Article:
London, 30 July - At the beginning of May, U.S. President Donald Trump announced that the United States would be exiting the 2015 nuclear agreement, formally known as the Joint Comprehensive Plan of Action (JCPOA). This came after months of speculation and much pleading from the European Union for Trump to remain within the framework of the deal.
However, Trump refused to bow down to pressure and he was very clear in his reasons for exiting the deal.
In his speech justifying his decision, Trump said that the nuclear deal is one-sided, claiming that it should never have been made in the first place. The purpose of the deal was not met. Trump explained: “We cannot prevent an Iranian nuclear bomb under the decaying and rotten structure of the current agreement. The Iran deal is defective at its core.”
From before taking office, the U.S. President has been a loud critic of the deal. He has said that the fact the country's ballistic missile program is not addressed is a major problem, as are the provisions that allow the terms to expire in the next decade.
Trump said that if the United States remained in the deal, there would be a nuclear arms race in the region because other countries would want to make sure they had a nuclear weapon by the time Iran had its.
His administration also announced that sanctions would be reapplied and fresh ones would be issued.
The U.S. State Department then announced that it would be expecting foreign countries to reduce its imports of Iranian oil to zero by November this year. It initially said that no waivers would be issued but considering the major impact this will have on the market, it slightly backtracked and said that some countries may be exempted.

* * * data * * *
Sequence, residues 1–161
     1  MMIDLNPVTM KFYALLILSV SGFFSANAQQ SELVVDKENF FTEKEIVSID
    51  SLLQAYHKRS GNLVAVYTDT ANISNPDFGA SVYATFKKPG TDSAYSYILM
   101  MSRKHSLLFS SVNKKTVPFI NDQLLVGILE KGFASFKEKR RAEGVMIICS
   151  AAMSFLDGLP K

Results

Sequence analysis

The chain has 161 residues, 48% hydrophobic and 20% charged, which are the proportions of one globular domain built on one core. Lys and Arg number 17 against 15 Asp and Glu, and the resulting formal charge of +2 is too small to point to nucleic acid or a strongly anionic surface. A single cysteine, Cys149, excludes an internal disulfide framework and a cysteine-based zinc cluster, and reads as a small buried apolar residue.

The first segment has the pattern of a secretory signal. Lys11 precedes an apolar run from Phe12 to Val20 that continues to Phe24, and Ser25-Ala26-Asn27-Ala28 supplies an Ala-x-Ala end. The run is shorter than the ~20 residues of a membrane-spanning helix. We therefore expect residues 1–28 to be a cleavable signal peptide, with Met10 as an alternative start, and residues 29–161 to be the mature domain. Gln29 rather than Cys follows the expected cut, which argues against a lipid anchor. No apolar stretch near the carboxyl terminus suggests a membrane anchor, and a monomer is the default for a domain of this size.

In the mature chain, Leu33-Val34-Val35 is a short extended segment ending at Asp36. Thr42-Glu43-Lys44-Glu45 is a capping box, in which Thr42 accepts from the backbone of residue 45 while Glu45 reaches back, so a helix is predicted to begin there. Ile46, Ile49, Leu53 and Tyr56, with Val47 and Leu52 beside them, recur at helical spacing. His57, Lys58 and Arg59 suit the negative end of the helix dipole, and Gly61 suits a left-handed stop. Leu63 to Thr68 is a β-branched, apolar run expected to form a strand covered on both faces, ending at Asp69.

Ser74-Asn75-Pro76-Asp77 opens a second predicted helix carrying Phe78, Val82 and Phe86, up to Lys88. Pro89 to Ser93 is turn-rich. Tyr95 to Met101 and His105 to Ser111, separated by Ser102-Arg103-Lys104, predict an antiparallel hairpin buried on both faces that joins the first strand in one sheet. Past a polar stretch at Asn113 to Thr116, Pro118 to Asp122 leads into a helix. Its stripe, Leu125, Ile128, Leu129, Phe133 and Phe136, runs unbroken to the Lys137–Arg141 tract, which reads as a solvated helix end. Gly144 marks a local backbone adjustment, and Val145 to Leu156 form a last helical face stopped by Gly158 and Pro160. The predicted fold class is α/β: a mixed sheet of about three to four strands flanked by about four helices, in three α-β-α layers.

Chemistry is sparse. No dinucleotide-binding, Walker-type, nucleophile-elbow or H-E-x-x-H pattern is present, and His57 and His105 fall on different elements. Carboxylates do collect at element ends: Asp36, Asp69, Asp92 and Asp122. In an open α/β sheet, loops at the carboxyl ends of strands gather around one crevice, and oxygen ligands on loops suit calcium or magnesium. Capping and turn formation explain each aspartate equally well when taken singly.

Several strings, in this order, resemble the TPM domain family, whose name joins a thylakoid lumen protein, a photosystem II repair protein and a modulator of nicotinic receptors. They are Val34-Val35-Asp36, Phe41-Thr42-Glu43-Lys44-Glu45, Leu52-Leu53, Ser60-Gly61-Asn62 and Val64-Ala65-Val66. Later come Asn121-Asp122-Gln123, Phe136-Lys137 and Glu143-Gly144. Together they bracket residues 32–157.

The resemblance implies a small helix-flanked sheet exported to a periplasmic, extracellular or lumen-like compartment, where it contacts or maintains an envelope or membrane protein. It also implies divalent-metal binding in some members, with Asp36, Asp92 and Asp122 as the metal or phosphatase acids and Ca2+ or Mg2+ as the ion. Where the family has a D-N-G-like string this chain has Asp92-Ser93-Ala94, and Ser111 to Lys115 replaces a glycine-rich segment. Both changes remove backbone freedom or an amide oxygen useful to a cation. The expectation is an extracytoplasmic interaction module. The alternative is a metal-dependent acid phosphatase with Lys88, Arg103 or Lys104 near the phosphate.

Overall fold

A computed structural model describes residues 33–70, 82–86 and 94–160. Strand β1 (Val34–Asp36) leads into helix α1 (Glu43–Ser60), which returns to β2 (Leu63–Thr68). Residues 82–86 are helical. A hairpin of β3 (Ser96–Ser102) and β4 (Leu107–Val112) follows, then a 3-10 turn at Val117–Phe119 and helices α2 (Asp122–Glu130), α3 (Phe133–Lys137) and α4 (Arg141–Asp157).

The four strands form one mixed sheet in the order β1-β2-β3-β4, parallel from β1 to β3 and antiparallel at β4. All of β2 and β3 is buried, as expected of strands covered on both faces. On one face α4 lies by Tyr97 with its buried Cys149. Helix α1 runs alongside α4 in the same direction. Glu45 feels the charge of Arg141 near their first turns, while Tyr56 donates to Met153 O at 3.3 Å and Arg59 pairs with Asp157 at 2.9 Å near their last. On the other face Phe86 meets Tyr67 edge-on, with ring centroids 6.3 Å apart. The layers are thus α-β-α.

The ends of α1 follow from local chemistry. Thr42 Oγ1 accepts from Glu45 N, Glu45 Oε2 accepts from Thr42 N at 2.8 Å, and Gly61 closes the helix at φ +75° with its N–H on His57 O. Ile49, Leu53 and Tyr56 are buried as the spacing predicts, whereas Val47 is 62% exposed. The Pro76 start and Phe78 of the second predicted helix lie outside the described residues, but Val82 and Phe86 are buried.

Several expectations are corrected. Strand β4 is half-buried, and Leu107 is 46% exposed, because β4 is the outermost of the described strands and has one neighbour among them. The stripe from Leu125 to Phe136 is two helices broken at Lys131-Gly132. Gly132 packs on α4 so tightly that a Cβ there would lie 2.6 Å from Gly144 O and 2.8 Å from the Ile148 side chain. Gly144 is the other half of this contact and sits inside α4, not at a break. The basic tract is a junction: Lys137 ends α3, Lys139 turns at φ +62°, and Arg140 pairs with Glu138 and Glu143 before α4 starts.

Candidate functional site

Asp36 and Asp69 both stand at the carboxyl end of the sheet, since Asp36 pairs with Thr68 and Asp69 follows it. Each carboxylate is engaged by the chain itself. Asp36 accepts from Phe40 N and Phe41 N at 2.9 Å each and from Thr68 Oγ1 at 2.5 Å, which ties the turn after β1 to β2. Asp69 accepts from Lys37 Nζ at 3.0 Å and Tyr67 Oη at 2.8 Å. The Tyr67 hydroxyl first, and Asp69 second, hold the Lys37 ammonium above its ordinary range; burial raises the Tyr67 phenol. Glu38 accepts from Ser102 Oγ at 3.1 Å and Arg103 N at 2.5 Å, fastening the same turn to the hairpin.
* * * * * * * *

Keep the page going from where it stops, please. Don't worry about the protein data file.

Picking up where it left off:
European leaders were scrambling to come up with solutions to counteract and compensate for the crippling U.S. sanctions but it seems unlikely that they will be able to do anything meaningful in the limited time that is available. Even if they were able to come up with laws that would prevent European businesses from being sanctioned for dealing with Iran, many do not want to take the risk. In any case, a number of EU companies have already pulled out of their business dealings with Iran for fear of becoming entangled in sanctions.
It was reported last week that a group of Republican senators called on several European countries to ensure that U.S. sanctions on Iran are not flouted. Ten senators including Marco Rubio of Florida, Ted Cruz of Texas and Tom Cotton of Arkansas said that they were concerned about potential attempts to undermine sanctions.
In a letter to the French, German and British embassies in the United States, the senators wrote: “We write to urge you to comply with all American sanctions but also to emphasize we would find it particularly troubling if you sought to evade or undermine American statutes. These laws were passed by Congress, signed by President Obama and will be enforced by President Trump. Any attempt to evade or subvert them could well prompt congressional action, in coordination with other elements of the U.S. government, to ensure their integrity.”